I am a postdoctoral fellow, working in a rather prestigious institute in Asia, for about a year. To be frank, I was rather surprised to get a position here, as many people here have spent at least some time in Ivy league level colleges. I did my PhD in a good university in Asia, but it is not well-known for my field. Moreover, I did my undergraduate degree in my home country, and it is not a very reputable university despite being the best in the country.

Part of the reason I got this position was because my present mentor decided to fund me from her grant, unlike others who are funded by the institute. My mentor is also highly respected in her field, basically a superstar. However, I made some mistakes after coming to the institute. Firstly my mentor had told me earlier that I had research freedom, but after arriving I slowly realized she did not really mean it.

The main mistake was choosing to work on a project with multiple other authors including her, and in a topic that was only related to my previous work in a minor way. It was really out of curiosity and an interest to learn that I took up this project. As the project was going on, she started hinting that we should discuss topics closer to my specialization, but I naively said maybe we could do that after the current project was done, and she just chuckled.

It became confusing when not long after that she said she might be able to extend my contract, so that I would not have to apply for a postdoc during the next round of applications. It sounded great to me but I sensed something was not right, and indeed I eventually realized, when I spoke to her, that she wanted me to work on something closer to my specialization, as she said it was a promising topic.

I started working on the topic, but somehow nothing worked out. To top it off I was subject to a lot of indirect condescension and even racism from colleagues at times, which made me even more anxious. Strange local contract laws, Covid restrictions, loneliness and maladjustment just added to my troubles.

I did ask her about my performance and about whether I contributed enough to the first paper (that did get published), and her answer was that I contributed more than some other coauthors. To make things more confusing, on one occasion she said she felt I was doing well, but on another occasion she said that she felt I was not very competitive. Shortly before this, she had also mentioned to me that it was important to become an expert in one topic if I wanted to get another postdoc.

It is now the season for postdoctoral applications, I have no concrete new results, and to be honest I am full of regret for not just playing it safe after arriving, and working with her on something I knew well. She was kind enough to give me the official contract extension recently, but for various reasons I still feel like applying and hopefully securing another postdoc.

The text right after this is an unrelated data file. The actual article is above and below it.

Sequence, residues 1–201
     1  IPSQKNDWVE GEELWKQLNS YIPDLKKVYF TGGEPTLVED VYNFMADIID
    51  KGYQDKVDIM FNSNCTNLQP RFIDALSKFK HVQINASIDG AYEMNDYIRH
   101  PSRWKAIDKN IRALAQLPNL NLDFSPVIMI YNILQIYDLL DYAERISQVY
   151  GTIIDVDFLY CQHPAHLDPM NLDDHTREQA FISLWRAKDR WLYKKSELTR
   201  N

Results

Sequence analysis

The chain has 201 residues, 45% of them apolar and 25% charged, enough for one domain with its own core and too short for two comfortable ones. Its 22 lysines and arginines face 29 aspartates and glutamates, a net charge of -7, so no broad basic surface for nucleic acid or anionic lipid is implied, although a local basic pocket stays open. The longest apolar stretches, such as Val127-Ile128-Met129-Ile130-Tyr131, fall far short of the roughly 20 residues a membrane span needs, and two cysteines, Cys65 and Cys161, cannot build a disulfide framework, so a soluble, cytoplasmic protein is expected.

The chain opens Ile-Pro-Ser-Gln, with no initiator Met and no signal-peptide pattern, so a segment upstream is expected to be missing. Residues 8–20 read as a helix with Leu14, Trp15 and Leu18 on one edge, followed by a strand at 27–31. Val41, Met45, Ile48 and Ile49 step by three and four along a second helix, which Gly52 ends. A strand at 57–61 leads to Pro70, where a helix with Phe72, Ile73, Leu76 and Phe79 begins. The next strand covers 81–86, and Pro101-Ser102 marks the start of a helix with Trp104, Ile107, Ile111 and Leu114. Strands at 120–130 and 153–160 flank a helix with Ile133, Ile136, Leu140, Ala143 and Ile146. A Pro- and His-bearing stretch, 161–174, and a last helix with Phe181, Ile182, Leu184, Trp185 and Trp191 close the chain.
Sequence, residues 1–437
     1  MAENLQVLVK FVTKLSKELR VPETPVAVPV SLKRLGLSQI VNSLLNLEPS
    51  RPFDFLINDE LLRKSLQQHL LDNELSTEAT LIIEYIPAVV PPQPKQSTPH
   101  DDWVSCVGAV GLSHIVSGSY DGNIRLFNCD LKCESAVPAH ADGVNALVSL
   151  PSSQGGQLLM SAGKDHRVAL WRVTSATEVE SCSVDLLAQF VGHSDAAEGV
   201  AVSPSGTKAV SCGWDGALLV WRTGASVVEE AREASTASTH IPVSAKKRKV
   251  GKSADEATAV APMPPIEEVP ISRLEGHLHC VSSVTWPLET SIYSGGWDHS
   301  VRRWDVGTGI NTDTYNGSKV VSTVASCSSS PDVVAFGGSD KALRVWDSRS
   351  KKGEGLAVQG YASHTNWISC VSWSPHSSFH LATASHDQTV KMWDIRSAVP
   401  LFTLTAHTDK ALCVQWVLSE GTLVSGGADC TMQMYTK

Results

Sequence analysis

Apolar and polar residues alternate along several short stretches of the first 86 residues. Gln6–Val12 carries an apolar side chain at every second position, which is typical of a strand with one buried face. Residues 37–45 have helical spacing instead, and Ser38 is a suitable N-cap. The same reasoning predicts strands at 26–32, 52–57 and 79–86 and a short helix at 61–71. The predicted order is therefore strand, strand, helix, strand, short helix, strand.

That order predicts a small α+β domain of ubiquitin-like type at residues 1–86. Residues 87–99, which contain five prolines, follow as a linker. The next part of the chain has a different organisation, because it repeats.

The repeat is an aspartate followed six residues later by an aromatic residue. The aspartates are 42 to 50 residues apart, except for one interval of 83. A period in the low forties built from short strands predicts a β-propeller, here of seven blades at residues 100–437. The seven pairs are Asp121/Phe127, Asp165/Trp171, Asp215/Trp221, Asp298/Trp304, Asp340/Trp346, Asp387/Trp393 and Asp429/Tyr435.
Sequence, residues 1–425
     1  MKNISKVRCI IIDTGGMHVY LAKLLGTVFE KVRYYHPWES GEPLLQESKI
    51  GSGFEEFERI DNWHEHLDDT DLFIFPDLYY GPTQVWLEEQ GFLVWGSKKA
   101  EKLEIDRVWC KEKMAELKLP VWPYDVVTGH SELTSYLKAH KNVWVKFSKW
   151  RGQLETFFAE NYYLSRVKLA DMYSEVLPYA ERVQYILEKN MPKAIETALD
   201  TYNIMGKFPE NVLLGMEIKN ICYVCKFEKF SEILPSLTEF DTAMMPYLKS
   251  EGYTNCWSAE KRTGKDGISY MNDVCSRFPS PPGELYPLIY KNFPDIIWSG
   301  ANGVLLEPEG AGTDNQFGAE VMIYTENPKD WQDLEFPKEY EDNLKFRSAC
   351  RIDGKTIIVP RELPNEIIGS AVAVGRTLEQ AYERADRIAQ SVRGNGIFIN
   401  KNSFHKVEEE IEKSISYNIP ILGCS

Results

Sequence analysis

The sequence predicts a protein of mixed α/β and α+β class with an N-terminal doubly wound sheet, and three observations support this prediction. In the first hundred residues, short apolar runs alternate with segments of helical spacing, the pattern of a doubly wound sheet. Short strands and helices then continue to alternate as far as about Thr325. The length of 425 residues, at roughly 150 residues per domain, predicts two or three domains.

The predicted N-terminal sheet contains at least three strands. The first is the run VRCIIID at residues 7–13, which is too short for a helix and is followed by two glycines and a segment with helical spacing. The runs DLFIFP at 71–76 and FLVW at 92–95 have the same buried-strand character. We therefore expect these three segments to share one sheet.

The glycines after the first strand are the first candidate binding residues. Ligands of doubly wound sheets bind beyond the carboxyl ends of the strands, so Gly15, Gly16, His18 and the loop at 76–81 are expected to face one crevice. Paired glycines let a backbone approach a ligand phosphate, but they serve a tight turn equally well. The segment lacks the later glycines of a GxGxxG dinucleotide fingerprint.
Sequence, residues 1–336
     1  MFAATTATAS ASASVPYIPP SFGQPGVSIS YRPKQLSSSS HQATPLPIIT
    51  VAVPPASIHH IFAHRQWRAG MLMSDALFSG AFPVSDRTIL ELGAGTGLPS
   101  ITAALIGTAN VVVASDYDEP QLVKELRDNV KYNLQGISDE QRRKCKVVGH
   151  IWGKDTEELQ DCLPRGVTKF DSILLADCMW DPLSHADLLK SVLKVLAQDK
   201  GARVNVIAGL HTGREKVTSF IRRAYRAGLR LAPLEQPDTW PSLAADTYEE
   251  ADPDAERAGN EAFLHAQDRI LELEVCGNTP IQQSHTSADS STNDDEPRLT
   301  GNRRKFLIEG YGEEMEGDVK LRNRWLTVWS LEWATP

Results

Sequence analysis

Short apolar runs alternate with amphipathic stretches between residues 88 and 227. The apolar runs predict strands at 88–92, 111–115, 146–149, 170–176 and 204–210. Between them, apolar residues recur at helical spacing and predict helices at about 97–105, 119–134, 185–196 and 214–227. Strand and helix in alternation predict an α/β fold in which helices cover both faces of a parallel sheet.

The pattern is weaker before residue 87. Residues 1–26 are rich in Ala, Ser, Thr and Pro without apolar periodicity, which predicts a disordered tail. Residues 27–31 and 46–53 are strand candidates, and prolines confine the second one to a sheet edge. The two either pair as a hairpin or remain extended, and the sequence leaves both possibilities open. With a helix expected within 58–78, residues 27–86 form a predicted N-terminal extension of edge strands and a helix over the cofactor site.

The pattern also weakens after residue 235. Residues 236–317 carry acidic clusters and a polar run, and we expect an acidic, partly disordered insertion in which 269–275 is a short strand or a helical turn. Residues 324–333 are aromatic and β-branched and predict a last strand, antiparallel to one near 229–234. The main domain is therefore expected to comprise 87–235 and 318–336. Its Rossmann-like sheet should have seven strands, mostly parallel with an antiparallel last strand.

The main reason is I am sort of a persecuted person in my home country, where I have no freedom of religion. I have permanent residency in the country where I did my PhD, but the longer I stay away the more likely it is that I will lose it. I am really hoping to make it to the West and find an academic job there (the country I am in does not take in foreigners easily), or go back to the country where I did my PhD and find a similar job there. But both of these are difficult, as both options seem to require that I have studied/worked in the West myself.

A positive recommendation letter for the postdoc applications from my supervisor, who is very influential, might help. She said she did not mind writing one, but my fear is that it might be negative given my performance and silly choices (although she is aware of the non-academic challenges I faced in the institute). A negative letter from her might irreparably damage my chances of lasting long in my career.

Should I go ahead with getting a recommendation letter from her?

  • 1
    Could you not just ask her if she is willing to write you a strong recommendation letter? If not, why? Commented Nov 22, 2021 at 12:39
  • I never really knew one could do that, since I thought such letters are confidential. Thank you for the suggestion, I could try asking, but it is hard to say if she would give me a straightforward answer.
    – scientist1
    Commented Nov 22, 2021 at 12:52
  • The contents of the letter are confidential, but the information whether she would be willing to write you a strong letter isn't. Commented Nov 22, 2021 at 12:56

1 Answer 1


I'm not sure why you think she doesn't appreciate your work. Every indication you give here suggests otherwise. She thinks you contribute a lot (more than others), she wanted to extend your contract, etc. I think you will get a good letter, but you can ask her about it directly, though that is a bit uncomfortable.

And, in any case, a letter from the supervisor is almost always needed.

Don't worry too much about research results being elusive. If you are doing serious research (as a student or thereafter) that is the nature of it.

Talk to her about your long term goals and ask for her support in getting there. Both in the current research and in finding a more permanent position. I'd guess that she would welcome having you as an external collaborator and you would also benefit greatly by keeping contact and collaborating as much as possible.

I'd also guess that the residency question is causing stress that might be leading to fear of failure that is probably not warranted.

  • Thank you for your reply. It is really encouraging and helpful. Indeed asking her would help, but to be honest I am not sure whether it would come across as rude according to the local culture. But I guess it is worth a shot.
    – scientist1
    Commented Nov 23, 2021 at 1:07

You must log in to answer this question.

Not the answer you're looking for? Browse other questions tagged .